Since 2003, the price of oil has made it economically feasible to mine oil from tar sands. If one counts tar sand oil, Canada has the second-largest reserve of oil in the world, after Saudi Arabia’s. It covers an area the size of Maryland and Virginia combined. Tar sand strip mines are already being operated near Fort McMurray, Alberta, where oversized machines scoop the sand for processing. The refining process is nothing John D. Rockefeller would recognize. To obtain one barrel of oil, four tons of soil are steamed in two to four barrels of fresh water (removed from local rivers), using substantial amounts of natural gas to heat the process. The environmental result is a devastated landscape, horribly polluted water and added emissions of greenhouses gases into the atmosphere — even before the oil is used for transportation or heating.
Supply-and-demand theory holds that if the price for a commodity rises too high, consumers find a way to “destroy demand,” by reducing their consumption of the commodity, either by doing without the commodity or finding ways to use less of it.
As the price of gas rises from three to four to five dollars per gallon, sales of gas-stingy vehicles such as the Toyota Prius will rise, as will demand for a supply of “plug-in hybrids.” Plug-ins can be charged with electricity and only resort to gasoline engines when their electrical charges have been spent. Hybrid technologies (although not plug-in hybrids) are currently on the market for vehicles from compact passenger sedans to SUVs to delivery trucks to 18-wheel semi-trailers. Mass transit, light and inter-city rail will likely surge.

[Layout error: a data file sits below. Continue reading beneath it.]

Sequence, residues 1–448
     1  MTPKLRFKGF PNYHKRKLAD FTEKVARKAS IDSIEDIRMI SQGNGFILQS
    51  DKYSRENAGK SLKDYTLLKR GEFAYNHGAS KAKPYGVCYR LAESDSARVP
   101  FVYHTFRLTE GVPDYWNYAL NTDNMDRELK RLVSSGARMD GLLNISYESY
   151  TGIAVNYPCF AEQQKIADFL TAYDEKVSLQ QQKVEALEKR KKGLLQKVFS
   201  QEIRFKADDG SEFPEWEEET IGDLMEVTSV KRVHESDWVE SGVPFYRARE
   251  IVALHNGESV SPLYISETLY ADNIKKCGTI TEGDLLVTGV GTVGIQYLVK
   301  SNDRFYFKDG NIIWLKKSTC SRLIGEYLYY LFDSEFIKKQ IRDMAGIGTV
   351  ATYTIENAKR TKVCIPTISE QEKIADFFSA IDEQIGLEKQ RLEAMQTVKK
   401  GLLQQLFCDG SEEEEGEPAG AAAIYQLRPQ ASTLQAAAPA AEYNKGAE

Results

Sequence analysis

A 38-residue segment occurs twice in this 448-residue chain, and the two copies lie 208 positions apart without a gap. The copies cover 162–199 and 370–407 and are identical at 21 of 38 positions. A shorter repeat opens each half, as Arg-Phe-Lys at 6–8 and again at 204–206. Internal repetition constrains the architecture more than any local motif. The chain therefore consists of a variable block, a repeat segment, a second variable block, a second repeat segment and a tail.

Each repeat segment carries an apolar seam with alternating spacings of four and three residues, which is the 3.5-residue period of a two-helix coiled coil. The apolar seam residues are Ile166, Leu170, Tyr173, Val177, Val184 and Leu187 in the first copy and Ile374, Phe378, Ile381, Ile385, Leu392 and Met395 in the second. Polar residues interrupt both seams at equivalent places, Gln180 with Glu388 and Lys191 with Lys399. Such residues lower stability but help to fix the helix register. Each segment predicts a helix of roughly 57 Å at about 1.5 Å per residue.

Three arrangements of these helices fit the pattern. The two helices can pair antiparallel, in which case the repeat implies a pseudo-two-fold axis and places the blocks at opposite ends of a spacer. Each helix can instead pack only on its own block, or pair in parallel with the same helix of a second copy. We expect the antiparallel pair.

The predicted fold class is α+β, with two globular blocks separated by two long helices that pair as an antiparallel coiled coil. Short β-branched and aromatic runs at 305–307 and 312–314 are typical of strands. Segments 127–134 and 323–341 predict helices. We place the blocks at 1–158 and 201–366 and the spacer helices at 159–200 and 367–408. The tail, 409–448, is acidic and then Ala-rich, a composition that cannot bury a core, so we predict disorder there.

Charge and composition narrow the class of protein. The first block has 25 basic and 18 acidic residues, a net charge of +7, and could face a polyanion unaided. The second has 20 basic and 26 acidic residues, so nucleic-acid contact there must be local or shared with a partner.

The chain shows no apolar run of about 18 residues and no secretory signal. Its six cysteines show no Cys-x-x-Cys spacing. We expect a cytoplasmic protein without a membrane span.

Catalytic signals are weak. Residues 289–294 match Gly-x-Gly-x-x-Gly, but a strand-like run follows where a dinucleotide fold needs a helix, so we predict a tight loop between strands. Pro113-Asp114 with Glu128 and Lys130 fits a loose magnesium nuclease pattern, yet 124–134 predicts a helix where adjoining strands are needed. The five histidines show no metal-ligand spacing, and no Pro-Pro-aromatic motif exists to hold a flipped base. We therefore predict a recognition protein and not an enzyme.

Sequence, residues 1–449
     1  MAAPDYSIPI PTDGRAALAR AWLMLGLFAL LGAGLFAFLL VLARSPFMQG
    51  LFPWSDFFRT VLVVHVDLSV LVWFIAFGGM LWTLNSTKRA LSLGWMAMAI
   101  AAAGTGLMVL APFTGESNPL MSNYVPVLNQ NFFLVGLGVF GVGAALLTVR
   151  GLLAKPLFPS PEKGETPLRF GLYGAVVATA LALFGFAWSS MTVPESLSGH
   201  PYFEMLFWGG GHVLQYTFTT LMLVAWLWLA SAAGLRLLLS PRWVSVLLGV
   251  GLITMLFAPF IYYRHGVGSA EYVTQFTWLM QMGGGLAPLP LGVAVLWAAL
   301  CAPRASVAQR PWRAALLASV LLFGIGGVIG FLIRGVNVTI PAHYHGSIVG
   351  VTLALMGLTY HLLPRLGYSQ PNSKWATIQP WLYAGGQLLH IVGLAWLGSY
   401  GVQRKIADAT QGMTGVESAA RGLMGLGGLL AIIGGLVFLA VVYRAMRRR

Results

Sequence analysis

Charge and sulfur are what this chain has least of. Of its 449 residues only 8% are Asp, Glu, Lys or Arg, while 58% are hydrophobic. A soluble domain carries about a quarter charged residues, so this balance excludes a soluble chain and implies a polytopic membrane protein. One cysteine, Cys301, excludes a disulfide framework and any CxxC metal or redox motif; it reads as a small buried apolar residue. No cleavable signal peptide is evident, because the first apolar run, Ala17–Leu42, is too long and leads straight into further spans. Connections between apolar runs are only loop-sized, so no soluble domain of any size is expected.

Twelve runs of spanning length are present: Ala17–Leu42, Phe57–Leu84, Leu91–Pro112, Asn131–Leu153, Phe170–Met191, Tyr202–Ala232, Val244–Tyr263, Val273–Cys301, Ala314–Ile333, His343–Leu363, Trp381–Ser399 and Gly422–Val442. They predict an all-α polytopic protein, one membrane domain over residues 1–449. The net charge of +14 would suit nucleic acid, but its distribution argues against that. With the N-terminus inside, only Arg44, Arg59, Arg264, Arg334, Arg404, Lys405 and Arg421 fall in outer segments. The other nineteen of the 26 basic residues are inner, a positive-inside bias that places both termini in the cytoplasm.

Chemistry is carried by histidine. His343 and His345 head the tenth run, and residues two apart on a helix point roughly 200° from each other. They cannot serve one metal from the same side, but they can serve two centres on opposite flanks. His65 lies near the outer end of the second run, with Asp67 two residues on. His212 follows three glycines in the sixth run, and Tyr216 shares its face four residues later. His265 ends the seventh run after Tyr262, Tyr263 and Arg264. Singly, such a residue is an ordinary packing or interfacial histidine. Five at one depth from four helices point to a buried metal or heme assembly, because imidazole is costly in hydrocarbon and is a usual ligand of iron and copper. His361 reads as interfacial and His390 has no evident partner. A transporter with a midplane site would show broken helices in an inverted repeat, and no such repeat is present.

Unfortunately, corn ethanol is not particularly efficient as a fuel, so gas mileage suffers. Also, it is unclear how economically competitive corn ethanol will be if the price of petroleum-based pesticides (used to grow the corn) rises in a post-peak scenario. More efficient ethanol can be made from soybeans, sugar cane and palm oil, but like corn, all those crops either remove acreage from food production for fuel production or result in forests being cut to make room for the crops, two undesirable environmental consequences.
Hydrogen is an efficient, clean medium for transferring energy for use in vehicles, but almost all the hydrogen on Earth is bound up in complex molecules; substantial amounts of energy are needed to render hydrogen into a usable state. Some have advocated using nuclear power to accomplish this. The environmental and safety drawbacks of nuclear power are clear.
Replacing the energy used to get around on the ground, however, will be easy, compared to finding new ways to fly through the air. If no alternative to petroleum-derived jet fuel emerges, consumers will likely destroy demand by finding ways to do without flying.